While he proceeded further on his path and thought about how to divert the watchmen, the man encountered a Heron repairing a canoe without success. The man stopped to offer him his gimlet to successfully repair the canoe. In return for his generosity, the Heron helped conceal the man under his wing blanket from the Black Whale guards and the watchmen. He successfully entered the longhouse to happily find his wife. At this point, the watchmen discovered the man taking his wife back with him, but were unable to stop him.

    When the man arrived back with his wife to his village he felt a different connection with her, as though she was not herself. At night, he would keep her in a bentwood box, but one morning when he awoke, to his surprise she escaped. She left to be with her Killerwhale family and fully transformed into a Killerwhale. This was the last he saw of her.


  • Berry Basket

    Merle Andersen

    $3,450.00 CAD

    Cedar Bark

  • Dolphin

    Lipa Pitsiulak

    $4,320.00 CAD


  • Mother & Child

    Archie Ishuluktak

    $980.00 CAD



  • Eagle Bolo Tie

    Barry Wilson

    $900.00 CAD

    Sterling silver, Abalone, Leather , 2.25″ x 2″ (leather 19″ in length)

  • Killerwhale Cufflinks

    Philip Janze

    $1,560.00 CAD

    14K Yellow Gold, Cast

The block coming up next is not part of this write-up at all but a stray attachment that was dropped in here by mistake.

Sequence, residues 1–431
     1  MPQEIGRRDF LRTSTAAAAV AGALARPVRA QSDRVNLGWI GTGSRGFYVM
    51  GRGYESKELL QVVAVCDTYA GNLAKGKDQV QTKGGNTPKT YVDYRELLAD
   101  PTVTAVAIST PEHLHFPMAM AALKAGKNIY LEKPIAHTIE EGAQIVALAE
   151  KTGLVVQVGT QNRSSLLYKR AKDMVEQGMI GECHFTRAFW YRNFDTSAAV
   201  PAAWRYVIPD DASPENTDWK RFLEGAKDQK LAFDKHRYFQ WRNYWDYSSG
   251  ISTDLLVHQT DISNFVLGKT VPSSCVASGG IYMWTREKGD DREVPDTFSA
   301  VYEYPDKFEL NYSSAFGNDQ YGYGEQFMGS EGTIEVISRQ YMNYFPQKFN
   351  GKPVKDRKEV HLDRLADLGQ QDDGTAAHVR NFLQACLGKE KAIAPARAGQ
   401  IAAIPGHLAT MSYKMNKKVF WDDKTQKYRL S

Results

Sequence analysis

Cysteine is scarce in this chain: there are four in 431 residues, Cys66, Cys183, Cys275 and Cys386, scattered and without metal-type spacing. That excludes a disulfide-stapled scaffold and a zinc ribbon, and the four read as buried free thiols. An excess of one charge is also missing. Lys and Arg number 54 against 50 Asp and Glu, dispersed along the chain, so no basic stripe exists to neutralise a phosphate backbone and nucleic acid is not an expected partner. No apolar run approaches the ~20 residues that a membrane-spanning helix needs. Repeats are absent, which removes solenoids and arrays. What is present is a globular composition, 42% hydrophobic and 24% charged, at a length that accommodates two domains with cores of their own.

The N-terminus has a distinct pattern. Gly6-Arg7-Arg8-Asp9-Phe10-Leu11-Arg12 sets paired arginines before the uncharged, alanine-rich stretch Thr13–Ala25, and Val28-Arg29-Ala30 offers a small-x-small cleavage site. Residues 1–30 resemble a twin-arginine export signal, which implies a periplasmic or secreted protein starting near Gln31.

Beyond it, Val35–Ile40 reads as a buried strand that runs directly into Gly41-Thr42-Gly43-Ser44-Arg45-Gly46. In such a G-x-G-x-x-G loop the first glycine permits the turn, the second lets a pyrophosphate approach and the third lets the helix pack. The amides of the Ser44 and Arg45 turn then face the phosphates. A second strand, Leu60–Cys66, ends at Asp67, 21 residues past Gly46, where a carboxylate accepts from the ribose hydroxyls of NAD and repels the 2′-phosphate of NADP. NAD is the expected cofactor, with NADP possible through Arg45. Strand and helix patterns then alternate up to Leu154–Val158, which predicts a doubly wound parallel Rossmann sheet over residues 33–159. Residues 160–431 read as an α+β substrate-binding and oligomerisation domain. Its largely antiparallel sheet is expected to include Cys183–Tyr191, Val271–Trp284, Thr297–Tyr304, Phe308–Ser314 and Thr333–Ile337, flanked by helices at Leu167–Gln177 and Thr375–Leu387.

• Frog Earrings

    Philip Janze

    $75.00 CAD

    Sterling silver, cast

  • Loon

    Garry Meeches

    $625.00 CAD

    Original painting on acid-free paper (unframed)

  • Witness…To Acceptance of Family Legacy

    Chester (Chaz) Patrick

    $400.00 CAD

    Acrylic on Acid-free board



  • Wood Ducks (1990)

    Isaac Bignell

    $2,700.00 CAD

    Original, Acrylic on Acid-free board



  • Untitled (1991)

    Isaac Bignell

    $2,100.00 CAD

    Original, Acrylic on Acid-free paper



  • Haida Moon

    Carmen Goertzen

    $6,800.00 CAD

    20K Yellow Gold, Abalone shell

  • Beaver Fish Bowl

    Derek J. White

    $8,000.00 CAD

    Sterling Silver; Repousse, Engraved

  • Quwut Sun


    $200.00 CAD

    Serigraph, Edition of 100



    “This contemporary Coast Salish sun design is an attempt to mediate between the Hul’qumi’num language (the language of the Cowichan Tribes) and English. There have been various anglecized spellings of this Hul’qumi’num toponym (place name), such as “Cowichan,” “Khowutzun,” and the currently accepted “Quwutsun.” This Hul’qumi’num term has been simplified and misinterpreted as meaning “The Warm Land,” when it should be more correctly interpreted as meaning “warmed by the sun,” or “basking in the sun with your back turned to the sun.”

    The four eclipsed suns surrounding the central sun symbolize the darkness of ignorance blocking Daylight, a powerful source of truth.”


  • Wonder Child – Yellow

    Alvin Adkins

    $200.00 CAD

    Serigraph, Edition of 175

    Unframed print


  • Overexposure (Colour Proof) [Framed]

    Susan Point

    $2,060.00 CAD

    Serigraph, Colour Proof, Edition of II



  • British Columbia Welcomes the World (Artist Proof)

    Susan Point

    $1,295.00 CAD

    Serigraph, Artist’s Proof, Edition of V